Look at the Makita BO5031K, the DeWalt D26451K, and the Bosch ROS20VSK random orbitals. The Bosches are said to be smoother than the Festeringtools.
I've found that a 1/4 sheet orbital palm sander takes off more wood in the same time than a random with the same grit paper. I found Ron and Joe's comments very unusual since they're the exact opposite of my experience. I find it much easier to control the ROS for delicate sanding work. (But I'm no expert, but I recently learned to let the tool do the work, to change paper more often, and I finally stopped leaning on my sanders.) A ROS leaves much smoother faces than do orbital palms, especially at grain reversals and changes, like cabinet door frames.
P.S: Get a cabinet scraper or two and try them INSTEAD of sanding some time. You will be entirely amazed, I guarantee.
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Thanks for all the replies, I appreciate the advice. I'm still a little unsure of which type to buy since there was some disagreement about which is best for finishing work. My first need is for a couple of honey do projects, especially a table.
Most likely I'll go for the palm sander unless I hear more to change my mind.
I won't be buying the HF palm sander, a neighbor gave me his non working, near-new one a few years ago, on the condition that I wouldn't try to get even with him after I used it. I repaired it (electrical problem), but found it to be a good example of just how cheaply something can be built and still work, at least for a while. I used it a few times and it did a surprisingly good job while it lasted except for the clips that hold the sandpaper which were really poor. It died again with mechanical problems and I tossed it.
WayneJ
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I've found my PC 7336 ROS to be invaluable, and I don't find it too aggressive with 220 or 320 grit discs (the variable speed helps).
I don't use a palm sander at all, but do swear by a couple of shopmade cork-padded doug-fir hand blocks.
scott
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I personally like the ROS best. I have 2 of the Dewally's. One that stays connected to the shop vac all the time w/a router variable speed unit on it and one that is VS that I use for the road or in shop I use it to rough sand. I used a Makita ROS on site once that was a friend of mine's and it was a lot more aggressive that mine. I find the finishing sanders numb my hands faster than they sand but when I used them, they were older models so the new ones might be better.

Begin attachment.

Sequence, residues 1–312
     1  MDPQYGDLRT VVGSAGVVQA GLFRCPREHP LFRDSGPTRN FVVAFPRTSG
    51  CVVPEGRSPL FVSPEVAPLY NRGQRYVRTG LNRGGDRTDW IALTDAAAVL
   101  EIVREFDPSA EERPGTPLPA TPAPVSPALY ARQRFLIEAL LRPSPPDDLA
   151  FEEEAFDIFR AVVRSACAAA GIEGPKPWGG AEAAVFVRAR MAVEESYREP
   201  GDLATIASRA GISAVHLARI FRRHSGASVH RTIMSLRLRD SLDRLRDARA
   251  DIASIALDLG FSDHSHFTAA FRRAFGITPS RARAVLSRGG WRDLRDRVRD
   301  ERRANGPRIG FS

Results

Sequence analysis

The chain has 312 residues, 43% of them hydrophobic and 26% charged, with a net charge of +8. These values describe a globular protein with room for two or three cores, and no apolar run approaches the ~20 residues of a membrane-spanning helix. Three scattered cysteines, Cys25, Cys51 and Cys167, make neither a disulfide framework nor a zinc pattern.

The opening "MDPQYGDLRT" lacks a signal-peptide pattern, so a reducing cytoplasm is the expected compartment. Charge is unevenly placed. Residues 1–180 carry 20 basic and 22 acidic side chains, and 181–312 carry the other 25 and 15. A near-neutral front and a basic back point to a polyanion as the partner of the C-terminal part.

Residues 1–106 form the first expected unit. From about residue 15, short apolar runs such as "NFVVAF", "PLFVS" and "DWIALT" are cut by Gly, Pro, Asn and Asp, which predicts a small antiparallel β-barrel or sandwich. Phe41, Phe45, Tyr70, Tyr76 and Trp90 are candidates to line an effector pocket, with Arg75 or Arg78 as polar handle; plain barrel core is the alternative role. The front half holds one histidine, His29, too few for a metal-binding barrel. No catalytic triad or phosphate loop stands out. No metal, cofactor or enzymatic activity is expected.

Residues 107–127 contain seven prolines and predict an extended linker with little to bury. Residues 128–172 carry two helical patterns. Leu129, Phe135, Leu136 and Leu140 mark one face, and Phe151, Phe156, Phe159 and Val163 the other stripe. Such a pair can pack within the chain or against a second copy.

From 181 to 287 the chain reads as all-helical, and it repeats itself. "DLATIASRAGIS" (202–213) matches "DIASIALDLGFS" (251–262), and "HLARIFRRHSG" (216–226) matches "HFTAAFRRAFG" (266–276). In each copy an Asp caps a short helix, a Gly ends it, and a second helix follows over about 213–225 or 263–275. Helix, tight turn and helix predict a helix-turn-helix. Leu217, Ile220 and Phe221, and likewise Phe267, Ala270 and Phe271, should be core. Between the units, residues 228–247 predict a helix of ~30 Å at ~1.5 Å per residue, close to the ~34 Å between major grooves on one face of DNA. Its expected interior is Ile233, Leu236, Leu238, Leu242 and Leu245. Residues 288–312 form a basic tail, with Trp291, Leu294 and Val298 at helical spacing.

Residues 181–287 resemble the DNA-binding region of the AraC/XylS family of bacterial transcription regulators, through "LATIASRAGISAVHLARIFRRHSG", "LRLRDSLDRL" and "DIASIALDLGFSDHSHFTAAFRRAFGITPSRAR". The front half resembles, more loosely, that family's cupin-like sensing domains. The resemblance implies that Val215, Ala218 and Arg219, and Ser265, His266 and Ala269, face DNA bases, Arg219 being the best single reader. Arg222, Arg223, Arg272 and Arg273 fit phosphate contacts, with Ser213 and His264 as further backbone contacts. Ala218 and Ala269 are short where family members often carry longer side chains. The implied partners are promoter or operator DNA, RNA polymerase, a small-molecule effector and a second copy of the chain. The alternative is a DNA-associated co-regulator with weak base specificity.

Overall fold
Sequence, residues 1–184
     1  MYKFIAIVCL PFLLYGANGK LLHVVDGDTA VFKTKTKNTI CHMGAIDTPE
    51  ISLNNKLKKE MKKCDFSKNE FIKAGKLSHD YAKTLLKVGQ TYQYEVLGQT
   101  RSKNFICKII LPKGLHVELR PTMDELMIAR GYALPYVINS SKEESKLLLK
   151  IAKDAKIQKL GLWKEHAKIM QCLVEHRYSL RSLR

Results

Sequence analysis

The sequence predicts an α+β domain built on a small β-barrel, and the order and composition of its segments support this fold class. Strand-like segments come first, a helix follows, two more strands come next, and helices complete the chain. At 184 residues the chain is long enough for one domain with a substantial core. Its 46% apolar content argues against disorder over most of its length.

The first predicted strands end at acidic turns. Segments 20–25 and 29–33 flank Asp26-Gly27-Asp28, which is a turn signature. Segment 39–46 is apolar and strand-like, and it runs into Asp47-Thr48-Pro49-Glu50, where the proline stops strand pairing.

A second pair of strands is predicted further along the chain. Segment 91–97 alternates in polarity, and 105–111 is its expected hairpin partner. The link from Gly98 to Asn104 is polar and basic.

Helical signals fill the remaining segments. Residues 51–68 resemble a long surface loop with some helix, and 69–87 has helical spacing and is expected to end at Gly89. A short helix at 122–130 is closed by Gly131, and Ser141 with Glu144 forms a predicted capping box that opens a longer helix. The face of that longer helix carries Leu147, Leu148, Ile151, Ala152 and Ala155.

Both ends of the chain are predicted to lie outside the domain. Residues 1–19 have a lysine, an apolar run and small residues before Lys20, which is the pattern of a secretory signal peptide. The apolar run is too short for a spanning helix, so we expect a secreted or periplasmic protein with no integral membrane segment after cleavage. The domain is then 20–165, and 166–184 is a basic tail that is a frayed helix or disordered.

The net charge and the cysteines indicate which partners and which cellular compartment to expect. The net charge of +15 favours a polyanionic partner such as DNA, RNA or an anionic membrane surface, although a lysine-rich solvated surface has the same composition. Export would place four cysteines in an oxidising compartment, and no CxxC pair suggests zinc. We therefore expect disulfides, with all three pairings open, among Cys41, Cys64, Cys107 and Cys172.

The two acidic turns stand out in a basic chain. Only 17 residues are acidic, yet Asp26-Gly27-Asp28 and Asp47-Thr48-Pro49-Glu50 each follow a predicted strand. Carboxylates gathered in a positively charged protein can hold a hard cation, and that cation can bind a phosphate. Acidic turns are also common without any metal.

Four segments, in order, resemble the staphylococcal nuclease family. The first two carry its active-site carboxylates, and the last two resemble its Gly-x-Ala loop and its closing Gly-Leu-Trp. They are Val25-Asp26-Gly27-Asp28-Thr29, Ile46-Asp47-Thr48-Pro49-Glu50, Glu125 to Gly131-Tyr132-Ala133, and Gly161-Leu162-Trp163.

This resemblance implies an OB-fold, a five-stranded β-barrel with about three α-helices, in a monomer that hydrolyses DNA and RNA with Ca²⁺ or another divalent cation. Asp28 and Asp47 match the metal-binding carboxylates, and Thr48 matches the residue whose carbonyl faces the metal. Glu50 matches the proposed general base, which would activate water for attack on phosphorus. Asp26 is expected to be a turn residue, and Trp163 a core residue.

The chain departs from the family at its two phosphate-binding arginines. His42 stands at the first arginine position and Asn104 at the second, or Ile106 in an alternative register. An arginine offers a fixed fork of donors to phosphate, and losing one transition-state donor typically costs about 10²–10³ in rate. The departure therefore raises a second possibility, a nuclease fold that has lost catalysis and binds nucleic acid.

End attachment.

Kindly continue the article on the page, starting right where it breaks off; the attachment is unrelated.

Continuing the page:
RP
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wrote:

I guess I am different than the others. I plane, scape, and only sand if needed. If I do sand, I will generally use the ROS up to 220 grit and hand sand with 220 garnet paper with the grain. This varies depending on the type of wood and the grain.
I do sometimes use a palm sander, but not as often as the others.
The main thing with the ROS is to use a light touch, and move the sander slowly along the wood. I move the sander 1" per second. Don't push the sander down into the wood. Just enough pressure to make sure there is contact.
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?

I had a palm sander for years and finally got a ROS. I now have two ROS and the palm hit the trash, never to be replaced. I have a DeWalt and PC. Once has course grit, the other fine.
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On Mon, 03 Jan 2011 09:22:55 -0800, WayneJ wrote:

I think it's a matter of opinion. I've got a Bosch ROS that I've had for years. I don't have a palm sander. With 220 or 320 grit on the Bosch it finishes well enough for me. If I want a smoother finish I go to a hand plane.
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The trouble with a ROS sander is that it will not get into tight corners. Do you want to hand sand there?
I have never seen a finish sander perform as well as the PC SpeedBloc, the bell shaped sander. That sander is a well tested design that has been around for many many years. It IS NOT a toy. I have owned 2 in the last 21 years.
Having said that I now own and exclusively use the Festool Rotex and Festool finish sander. I use them exclusively because I was/am tired of dealing with dust. With a vac less than 1% of all dust escapes either of thse sanders. The Festool finish sander is approximately twice the prce of the $90 PC SpeedBloc sander. Both Festool Sanders are great but the PC SpeedBloc will out perform the Festool finish sander if you don't mind the cloud of dust.
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So Leon,
I went looking at the festool online. I don't see where they sell an adapter to a vac hose. I only see dust bags accys. If I buy a Festool RTS 400 EQ, will I need to buy something else to attach it to my shop vac hose?
On 1/5/2011 3:17 PM, Leon wrote:

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"tiredofspam" <nospam.nospam.com> wrote in message

IIRC the Festool uses a 1" OD hose that fit over the sander manifold. Don't let that confuse you. ;~) If I had to listen to a typical shop vac I might consider a mask and not use the vac. I do use the Festool shop vac which is very quiet, more quiet than the sander in fact. there are lots of adapters that would probably get you going.
I do use a Fein adapter to adapt my Festool vac hose to my Kreg PH jig. If you have a Woodcraft or Rockler, or Festool dealer near by take your hose into he store and perhaps they will have a solution. I would not think that a 2" hose running up to the sander would be very easy to use, FWTIW.
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"Leon" wrote:

That's why Fein has triangular sanding pads as part of the multi tool.
Does a great job in the corners.
Add a ROS of choice and you are in business.
Lew
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I have a PC right angle ROS the Speed Bloc, the Festool Rotex and finish sander, and the Fein multimaster. With all that, I dont often use the Fein to do 50-100+ inside corners on a project, it is great for the tight spots but if the finish sander will get in there it is the only way to go if time means anything to you.
If you are working on wide open spaces the ROS/Fein would be the better choice.